China’s Sinosteel, which has a $2 billion Weld Range project in the region, had been negotiating to become a foundation customer but walked away earlier this year in protest at the proposed tariffs for shipping its ore and their structure, which was said to impose disproportionately high charges on the foundation customers with short mine lives. Weld Range has a mine life of only about 15 years.
Weld Range is among a number of iron ore projects in the mid-west in which Chinese interests have invested more than $3 billion. Those projects wouldn’t necessarily be completely stranded if Oakajee didn’t proceed, but getting that ore to market would be more complicated and expensive and probably significantly delayed.
With the cost of Oakajee continually blowing out, the timing of first shipments repeatedly pushing out, iron ore prices already well down on their peaks and China starting to feel the effects of the economic woes of the US and Europe, the economics of the mid-west mines have already changed significantly. The port and rail infrastructure remains, however, a priority for the WA government and the key to opening up the resources in the region.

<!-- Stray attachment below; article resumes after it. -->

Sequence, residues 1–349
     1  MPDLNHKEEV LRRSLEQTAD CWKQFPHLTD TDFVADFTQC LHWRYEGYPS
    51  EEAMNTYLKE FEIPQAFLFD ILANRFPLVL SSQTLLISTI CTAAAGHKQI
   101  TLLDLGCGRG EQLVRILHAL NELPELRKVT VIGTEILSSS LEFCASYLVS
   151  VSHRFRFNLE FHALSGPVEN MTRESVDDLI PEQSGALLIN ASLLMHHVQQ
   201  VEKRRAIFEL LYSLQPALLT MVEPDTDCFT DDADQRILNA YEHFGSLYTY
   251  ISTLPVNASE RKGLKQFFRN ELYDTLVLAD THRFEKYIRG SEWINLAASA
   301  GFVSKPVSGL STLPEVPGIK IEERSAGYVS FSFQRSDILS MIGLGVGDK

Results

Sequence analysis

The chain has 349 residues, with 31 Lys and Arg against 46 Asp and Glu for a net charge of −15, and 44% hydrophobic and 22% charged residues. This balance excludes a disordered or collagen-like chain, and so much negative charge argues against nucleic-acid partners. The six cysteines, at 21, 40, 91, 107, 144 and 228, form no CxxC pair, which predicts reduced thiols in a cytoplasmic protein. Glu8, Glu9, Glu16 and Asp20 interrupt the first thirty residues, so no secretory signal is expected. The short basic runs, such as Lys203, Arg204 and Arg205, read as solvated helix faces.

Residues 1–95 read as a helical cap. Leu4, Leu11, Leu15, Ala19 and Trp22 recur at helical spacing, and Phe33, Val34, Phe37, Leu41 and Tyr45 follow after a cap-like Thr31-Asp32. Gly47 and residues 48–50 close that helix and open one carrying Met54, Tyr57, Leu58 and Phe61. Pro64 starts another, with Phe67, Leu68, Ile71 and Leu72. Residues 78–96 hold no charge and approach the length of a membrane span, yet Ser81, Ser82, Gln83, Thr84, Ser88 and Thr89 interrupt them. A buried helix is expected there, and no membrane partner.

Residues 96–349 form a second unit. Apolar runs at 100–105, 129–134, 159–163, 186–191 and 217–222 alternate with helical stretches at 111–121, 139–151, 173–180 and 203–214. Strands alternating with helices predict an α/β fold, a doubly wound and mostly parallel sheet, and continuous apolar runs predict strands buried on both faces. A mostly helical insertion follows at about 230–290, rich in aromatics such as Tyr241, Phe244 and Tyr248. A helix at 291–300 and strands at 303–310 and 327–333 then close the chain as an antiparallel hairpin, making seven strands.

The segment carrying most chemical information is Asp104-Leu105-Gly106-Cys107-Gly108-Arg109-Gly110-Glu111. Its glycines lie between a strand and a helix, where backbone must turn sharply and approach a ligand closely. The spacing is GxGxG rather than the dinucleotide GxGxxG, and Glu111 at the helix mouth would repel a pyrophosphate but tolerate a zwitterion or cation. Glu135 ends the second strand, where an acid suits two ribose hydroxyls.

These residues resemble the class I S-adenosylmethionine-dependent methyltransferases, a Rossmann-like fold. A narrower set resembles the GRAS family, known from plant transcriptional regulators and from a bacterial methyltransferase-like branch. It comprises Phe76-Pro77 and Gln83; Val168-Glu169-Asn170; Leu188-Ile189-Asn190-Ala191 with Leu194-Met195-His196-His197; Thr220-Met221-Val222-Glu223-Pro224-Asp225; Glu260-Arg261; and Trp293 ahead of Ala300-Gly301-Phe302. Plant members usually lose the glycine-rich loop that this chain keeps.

The deal Martin announced today is quite straightforward. Murchison has agreed to sell its interests in Crosslands and Jack Hills to Mitsubishi for $325 million of cash – an implied value of 51 cents per share and more than 80 per cent above the group’s recent share price trading levels. No wonder its share price soared today.
If the deal is consummated – it is conditional and Murchison is free to keep trying to find a better deal now that it has a benchmark transaction out in the open – Murchison would emerge with $200 million to $220 million of net cash, its Rocklea iron ore project just west of Tom Price in the Pilbara and some exploration tenements. Rocklea, potentially a 10 million tonnes per annum mine, has a development cost of about $370 million.